I recently installed Zorin OS 16.1 on a Thinkpad T430s (i7-3520, Nvidia NVS5200 GPU, 16GB RAM, Intel ax210 Wifi) to check what Linux can do for me today (Haven't really used Linux since 1997). Congrtulations it is a very important effort and I am glad you can actually purchase the pro edition. I want to even though I am not using it!
For me there are a few Linux distractions that prevent me from enjoying Linux, albeit not directly fault of Zorin.
I use my computers either as a Media consumption device and spend most of my time in Firefox/Anydesk, or on my office Laptop I run Outlook, Office, Visio and fire up some VM from time to time in Hyper-V.
I am providing my feedback based on the first use case.
I notice right away, with Linux, there is no obvious way to undervolt of overclock your CPU, tools like throttlestop or XTU are unavailable.
I installed JRiver 29 which I use as media viewer on Windows, which I happen to have Linux license. Playing back 480p content was not smooth, choppy, unwatchable, and the sound was terrible.
So I installed Nvidia 400-level device drivers as suggested by the author or JRiver, the machine becomes a zombie, and goes into a crash loop each time it tried to start X, which is does automatically, and no way to avoid.
I could find no command line method to revert back from the Nvidia drivers, the whole stack of X applications seems to be re-linked in the process, wow, how terrible. (again not directly fault of Zorin)
A simple way to back down Nvidia drivers were never a problem in Windows, and if all goes unwell DDU is there to help.
I resort to reinstall Linux.
After reinstalling windows I install Nvidia 390 drivers instead. Jriver Video is still choppy unwatchable, sound is horrible.
What is the GPU utilization? I notice Linux does not have a comprehensive task manager like Windows. I try to download and research ways to plot the GPU utilization, but my GPU driver is too old for the recomended tool. In Windows, task manager never complained my GPU is too old to show utilization.
I want to find a task manager for Linux, that also shows actual CPU frequency, very problematic, most graphical tools merely lists utilization, like it is 1999.
On Windows I use Open Hardware Monitor. It lists compatibility with Linux. I follow the Installation guide for Ubuntu 20, but it ultimately fails when I am unable to installing mono.
The sound. Laptop audio is unbearable under Linux. I see many suggestions changing the speakers. Alsthough most probably a DSP profile would sort the issues in Linux if one existed!
I install a DSP framework for Linux audio. I add a few filters to make audio slightly better and notice that playing audio is now taking 50% CPU.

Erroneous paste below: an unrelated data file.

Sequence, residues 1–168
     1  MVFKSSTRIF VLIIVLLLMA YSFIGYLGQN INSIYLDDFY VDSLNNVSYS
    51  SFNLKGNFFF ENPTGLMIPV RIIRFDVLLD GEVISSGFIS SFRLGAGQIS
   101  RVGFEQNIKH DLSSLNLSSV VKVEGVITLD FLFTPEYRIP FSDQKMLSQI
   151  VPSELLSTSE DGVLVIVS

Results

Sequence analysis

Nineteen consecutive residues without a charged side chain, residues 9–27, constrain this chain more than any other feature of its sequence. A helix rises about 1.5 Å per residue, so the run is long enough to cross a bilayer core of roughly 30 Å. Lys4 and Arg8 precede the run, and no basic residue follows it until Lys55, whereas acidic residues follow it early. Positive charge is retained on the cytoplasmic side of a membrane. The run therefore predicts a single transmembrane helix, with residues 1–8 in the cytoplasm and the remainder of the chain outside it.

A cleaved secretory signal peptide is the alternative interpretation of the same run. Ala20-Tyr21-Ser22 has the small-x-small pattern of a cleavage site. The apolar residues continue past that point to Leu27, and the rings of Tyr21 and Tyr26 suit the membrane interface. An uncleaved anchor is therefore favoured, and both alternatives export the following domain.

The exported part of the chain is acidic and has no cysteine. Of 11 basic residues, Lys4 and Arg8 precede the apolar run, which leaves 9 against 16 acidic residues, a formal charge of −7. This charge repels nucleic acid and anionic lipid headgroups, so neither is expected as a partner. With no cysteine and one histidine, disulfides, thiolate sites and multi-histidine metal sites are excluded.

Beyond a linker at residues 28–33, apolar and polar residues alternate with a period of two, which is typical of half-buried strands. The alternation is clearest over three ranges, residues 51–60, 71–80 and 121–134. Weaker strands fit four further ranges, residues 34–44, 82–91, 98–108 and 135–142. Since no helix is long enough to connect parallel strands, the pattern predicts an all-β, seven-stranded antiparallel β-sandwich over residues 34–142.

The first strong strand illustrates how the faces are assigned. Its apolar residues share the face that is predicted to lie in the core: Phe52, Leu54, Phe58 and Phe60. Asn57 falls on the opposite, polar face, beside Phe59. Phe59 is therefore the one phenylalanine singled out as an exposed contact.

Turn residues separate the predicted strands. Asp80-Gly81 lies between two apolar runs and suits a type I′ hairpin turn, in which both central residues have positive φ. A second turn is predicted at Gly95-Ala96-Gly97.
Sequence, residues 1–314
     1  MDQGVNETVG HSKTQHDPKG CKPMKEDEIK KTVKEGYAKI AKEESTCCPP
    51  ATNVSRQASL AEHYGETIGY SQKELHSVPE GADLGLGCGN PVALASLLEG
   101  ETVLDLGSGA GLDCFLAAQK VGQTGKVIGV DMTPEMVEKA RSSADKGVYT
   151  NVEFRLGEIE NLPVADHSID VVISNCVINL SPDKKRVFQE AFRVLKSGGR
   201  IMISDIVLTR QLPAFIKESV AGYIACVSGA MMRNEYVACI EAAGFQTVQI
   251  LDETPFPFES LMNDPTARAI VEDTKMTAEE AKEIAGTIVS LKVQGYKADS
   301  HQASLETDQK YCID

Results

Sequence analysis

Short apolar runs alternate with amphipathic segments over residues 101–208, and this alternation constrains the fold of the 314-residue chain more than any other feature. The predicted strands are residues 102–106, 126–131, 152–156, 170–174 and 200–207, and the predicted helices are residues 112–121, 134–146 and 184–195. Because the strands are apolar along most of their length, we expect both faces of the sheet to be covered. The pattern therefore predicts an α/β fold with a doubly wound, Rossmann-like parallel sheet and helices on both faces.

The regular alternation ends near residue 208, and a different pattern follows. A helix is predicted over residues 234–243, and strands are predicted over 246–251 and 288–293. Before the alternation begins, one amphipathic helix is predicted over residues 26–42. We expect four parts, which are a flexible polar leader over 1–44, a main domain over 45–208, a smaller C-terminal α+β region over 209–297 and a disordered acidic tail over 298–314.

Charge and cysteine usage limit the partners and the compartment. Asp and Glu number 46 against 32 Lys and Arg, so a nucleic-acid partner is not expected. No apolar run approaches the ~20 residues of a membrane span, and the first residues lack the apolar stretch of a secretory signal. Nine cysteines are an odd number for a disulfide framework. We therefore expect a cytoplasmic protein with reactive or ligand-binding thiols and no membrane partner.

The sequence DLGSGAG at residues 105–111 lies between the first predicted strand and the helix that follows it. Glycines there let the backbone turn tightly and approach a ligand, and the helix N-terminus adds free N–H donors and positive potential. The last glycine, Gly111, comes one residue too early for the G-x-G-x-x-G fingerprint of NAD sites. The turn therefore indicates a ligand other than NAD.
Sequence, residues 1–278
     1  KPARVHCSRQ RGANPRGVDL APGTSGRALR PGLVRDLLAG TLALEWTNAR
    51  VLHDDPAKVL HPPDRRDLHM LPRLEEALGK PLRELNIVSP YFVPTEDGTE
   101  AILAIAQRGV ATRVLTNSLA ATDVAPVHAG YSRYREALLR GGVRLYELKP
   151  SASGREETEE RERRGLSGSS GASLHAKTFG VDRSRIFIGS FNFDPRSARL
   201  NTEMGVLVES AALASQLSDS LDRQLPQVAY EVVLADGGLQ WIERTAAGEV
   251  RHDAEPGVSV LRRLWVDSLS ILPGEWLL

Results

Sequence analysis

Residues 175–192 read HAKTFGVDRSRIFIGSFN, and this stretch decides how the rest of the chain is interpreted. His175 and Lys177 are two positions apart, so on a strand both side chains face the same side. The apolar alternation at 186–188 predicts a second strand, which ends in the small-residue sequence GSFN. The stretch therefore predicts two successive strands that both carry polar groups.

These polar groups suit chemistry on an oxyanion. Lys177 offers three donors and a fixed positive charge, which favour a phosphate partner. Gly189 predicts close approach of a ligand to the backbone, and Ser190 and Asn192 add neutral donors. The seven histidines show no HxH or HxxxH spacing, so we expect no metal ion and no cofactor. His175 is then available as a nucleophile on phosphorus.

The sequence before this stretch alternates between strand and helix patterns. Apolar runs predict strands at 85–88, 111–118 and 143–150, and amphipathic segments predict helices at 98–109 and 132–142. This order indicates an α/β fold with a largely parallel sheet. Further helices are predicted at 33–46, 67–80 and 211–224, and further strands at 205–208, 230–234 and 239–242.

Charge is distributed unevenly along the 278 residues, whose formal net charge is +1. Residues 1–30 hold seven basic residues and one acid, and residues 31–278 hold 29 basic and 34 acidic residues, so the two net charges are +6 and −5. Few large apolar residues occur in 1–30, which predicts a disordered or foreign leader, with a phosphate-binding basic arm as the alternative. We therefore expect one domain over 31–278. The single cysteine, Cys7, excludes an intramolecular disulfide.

So I stopped the DSP application.
I then decided I wanted to view some pictures stored on on the disk.
I type xv, xv is not part of zoriun/ubuntu. The normal photo viewer is trying to mimic the worst aspects of the windows photo viewer so I try to install xv. Eventually I installed it through snap. Now xv starts, but all files give to it to view fails with "file not found" error message.
In desperation I try to copy the jpg to the windows drive, which is mapped dynamically. Of course the Windows FS is read only, I cannot write to it from Linux. I am god, so I enter 'mount -o remout,rw' xxx trying to make ir writable.
Of course only root can do that.
Again, as root, it seems the dynamic Windows fs mapping is not handled as a regular file system mount, so I cant "mount" anything..
In desperation I share the image over Facebook messenger and reboot into Windows.
In my case, Linux does not make your old laptop faster or better, quite to contrary, it is unusable as a media consumption device for me, video stutters and audio is awful. Where in Windows, it works "perfectly".
Tips for improving audio takes to much CPU or involvs changing laptop speakers, seriously.. It is not the fault of the speakers. Linux users are missing out on Laptop audio big time.
I miss out on visibility into system resource usage, I cant under-volt or overclock.
X11 can hang and there is no way to easily change/update graphics driver apart from complete re-installation.
So while Zorin OS looks absolutely beautiful, Ubuntu and Linux does not provide the same level productivity as Windows, especially not for some older devices Like my laptop.
If Zorin is willing to invest in Laptop audio experience that would make a huge step in a much better user experince compared to slackware.
Why is installing apps, that should be so simple, so complicated and fragmented?
I had no issue with core functionality of Zorin, graphics, Wifi, sleep etc worked out of the box.
I wish the ubuntu installer was a little better in regards to keeping several OS:s in the same disk. keeping Zorin on its own drive works perfectly though.